If I had *one* piece of advice to share, it would be to carefully define what your "field" is. Your "about" section says you "specialize in investing, real estate, personal finance and even some frugal posts too." But what about those topics sets you apart? Of course I am interested in investing, real estate, personal finance and frugality. But why would I read YOUR blog instead of relying on the information channels I already have?

I truly hope you see these comments as a contribution, not as criticism. Like Brad, I am never going to make a blogger money, because I rigorously do not click on ad links. So perhaps my comments are not that useful from that POV. But they are freely offered if they are of any use to you.
 

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IMO the key is to attract/satisfy new readers searching for content from Google and keep them coming back for the personal aspects/character of the blog

I follow MDJ because it kept coming up on my Google searches. At first it just answered what I was looking for but after awhile I started to follow the character of the blog and now I come back for that

If you search for personal finance topics, a lot of times MDJ, CC, redflagdeals come up in the top results. Not sure how Google tallies their results (I think it's a company secret?) but I think links to the site have a lot of weight

I just checked out your blog and I'm a big fan of the internet as an entertainment medium and things like The Guild (even though I've never played Warcraft, the lead actress is just cute). That's hip enough for me I'll add a tally to your RSS
 

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Discussion Starter #11
@MoneyGal - thanks for the feedback - very useful. I also just look at photos on cooking blogs. :)

@mode - good point about Google rankings. Thanks for subscribing!
 

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I just thought I'd add that I just subscribed to your RSS feed. For me I do more RSS reading then anything as most things are blocked at work, and given that I spend all day on the computer at work, I like my downtime.

One of the most frustrating things for me about some blogs, and I'm not saying 4P in specific, is that they don't really apply to me. I get lots of great ideas and links to follow, but often I realize that my situation is different enough that I don't get much out of it. This clearly goes back to the niche comment earlier.

Let me do some reading via RSS and I'll come back and provide you some more concrete feedback.
 

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Well, since 4P asked I'll comment briefly. I struggle with some financial concepts, especially those dealing with investing. So far the only thing that has worked for me is this forum, to be able to come here and ask very basic and specific questions and have them answered accordingly. (see my thread 'what's a dividend?') I appreciate everyone's help here thus far including 4P but the interactive nature of CMF is what allows me to learn, a little at a time at my own pace. I know there are comments on websites available but I personally find the forum format much better. That's just my opinion though.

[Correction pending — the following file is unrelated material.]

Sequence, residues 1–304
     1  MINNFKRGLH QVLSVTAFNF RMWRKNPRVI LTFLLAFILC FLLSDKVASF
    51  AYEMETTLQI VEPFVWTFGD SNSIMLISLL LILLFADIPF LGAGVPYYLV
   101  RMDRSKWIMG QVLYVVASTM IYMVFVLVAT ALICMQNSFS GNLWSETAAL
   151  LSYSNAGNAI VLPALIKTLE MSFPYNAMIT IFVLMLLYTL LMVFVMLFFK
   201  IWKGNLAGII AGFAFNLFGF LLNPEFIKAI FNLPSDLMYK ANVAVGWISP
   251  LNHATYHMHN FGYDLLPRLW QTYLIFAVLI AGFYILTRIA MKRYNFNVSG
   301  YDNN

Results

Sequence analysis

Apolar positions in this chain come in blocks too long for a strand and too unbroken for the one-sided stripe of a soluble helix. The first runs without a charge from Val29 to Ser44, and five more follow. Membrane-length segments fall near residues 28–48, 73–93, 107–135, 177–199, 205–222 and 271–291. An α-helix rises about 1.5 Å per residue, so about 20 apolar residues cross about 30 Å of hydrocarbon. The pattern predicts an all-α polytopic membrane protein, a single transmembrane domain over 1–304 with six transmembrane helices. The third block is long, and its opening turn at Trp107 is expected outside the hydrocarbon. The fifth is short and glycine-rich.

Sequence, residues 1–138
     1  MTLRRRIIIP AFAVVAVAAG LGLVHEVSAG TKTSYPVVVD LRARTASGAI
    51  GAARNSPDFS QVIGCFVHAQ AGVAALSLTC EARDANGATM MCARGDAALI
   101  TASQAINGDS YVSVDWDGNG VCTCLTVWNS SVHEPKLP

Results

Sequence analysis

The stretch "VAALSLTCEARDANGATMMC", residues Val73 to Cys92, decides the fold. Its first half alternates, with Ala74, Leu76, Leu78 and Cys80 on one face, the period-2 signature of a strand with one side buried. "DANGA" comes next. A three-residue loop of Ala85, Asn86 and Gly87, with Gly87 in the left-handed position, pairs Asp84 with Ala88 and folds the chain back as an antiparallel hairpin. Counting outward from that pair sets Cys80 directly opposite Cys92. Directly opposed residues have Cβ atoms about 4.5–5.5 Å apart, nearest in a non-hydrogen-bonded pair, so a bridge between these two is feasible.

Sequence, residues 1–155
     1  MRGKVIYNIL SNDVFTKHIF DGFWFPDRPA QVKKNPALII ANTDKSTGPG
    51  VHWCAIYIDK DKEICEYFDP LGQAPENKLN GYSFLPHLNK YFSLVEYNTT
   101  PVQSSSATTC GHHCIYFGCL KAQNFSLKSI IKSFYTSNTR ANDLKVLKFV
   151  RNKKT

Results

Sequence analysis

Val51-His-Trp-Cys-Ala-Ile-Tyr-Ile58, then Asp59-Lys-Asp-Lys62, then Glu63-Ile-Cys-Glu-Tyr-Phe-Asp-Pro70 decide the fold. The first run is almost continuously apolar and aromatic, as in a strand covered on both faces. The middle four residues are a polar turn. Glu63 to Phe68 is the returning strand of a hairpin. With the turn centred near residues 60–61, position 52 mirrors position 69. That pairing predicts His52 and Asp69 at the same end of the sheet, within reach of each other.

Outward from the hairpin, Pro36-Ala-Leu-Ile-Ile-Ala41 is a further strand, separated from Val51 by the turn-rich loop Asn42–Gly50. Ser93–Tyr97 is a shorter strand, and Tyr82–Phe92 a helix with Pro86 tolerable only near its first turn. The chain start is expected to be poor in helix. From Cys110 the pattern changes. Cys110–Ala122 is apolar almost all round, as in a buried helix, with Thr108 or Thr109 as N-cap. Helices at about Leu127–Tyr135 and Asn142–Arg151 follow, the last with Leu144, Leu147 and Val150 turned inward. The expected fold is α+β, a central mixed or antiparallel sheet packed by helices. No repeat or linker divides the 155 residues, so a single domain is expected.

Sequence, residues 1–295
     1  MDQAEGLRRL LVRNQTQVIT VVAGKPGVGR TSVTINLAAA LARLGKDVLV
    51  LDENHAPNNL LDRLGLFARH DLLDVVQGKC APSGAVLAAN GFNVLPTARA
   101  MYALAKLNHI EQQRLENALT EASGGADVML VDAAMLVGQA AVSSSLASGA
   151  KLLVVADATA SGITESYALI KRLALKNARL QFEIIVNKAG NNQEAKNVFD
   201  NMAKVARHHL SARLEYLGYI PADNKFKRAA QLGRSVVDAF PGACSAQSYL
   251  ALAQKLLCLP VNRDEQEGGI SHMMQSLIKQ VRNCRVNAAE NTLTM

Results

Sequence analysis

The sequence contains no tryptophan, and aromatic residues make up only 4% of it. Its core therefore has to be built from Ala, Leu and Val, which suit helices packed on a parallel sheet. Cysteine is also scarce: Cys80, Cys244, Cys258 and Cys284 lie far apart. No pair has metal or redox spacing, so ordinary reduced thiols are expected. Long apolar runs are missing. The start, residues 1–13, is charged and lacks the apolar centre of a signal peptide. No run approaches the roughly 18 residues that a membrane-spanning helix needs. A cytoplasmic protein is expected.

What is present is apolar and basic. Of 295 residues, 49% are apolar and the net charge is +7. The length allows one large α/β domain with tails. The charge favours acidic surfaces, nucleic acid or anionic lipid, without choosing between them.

I too run a website (totally ad-free, not about financial topics) and wish there would be more feedback and interaction with visitors. It's hard sometimes and most people don't want to come across as too critical when they realize you're supplying good content.

By all means carry on, but maybe I'm not your target audience. I don't even read the paperwork that comes with my quarterly statements, it just never makes sense to me.
 

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It's hard sometimes and most people don't want to come across as too critical when they realize you're supplying good content.
I don't mind being too critical of you Mike every once and a while.

Not sure I can give you any suggestions here, I like your blog and visit often. To be honest, yours MDJ and CC are certainly my top 3. Just looking/comparing the 3, all are well written, witty, but each of your has a unique voice, in both the types of topics covered and how your views are expressed.

MDJ's blog has incredible diversity, CC's are often quite in depth, fairly advanced topics, and well researched, and you (& Mr. Cheap) are the funniest of the bunch. (not that CC and you don't have diversity, FT & you also have in depth analyses, and they are funny at times also - cover my a$$ yet? :eek:)

I suppose ultimately it comes down to whether the 'general mass' likes that voice. I for one wouldn't want to see any changes.
 

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It's a terrible site Mike, you should sell it to me before you make it any worse! ;)

Seriously though, I prefer the variety in posts. While there are many great sites in niches on investment, frugality or passive income, I find that I visit the all-inclusive "personal finance" sites the most.

Million Dollar Journey and Four Pillars are two sites that I not only read often, but have also inspired my site. While I may not be interested in every post, I love finding a new post that covers something a little different!
 

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Actually I learned something myself this week. I have written a few articles for MDG and got some complimentary posts about my topics. This weeks article got several investors to email FT and contact me about my services and 3 people also wanted my lease and application.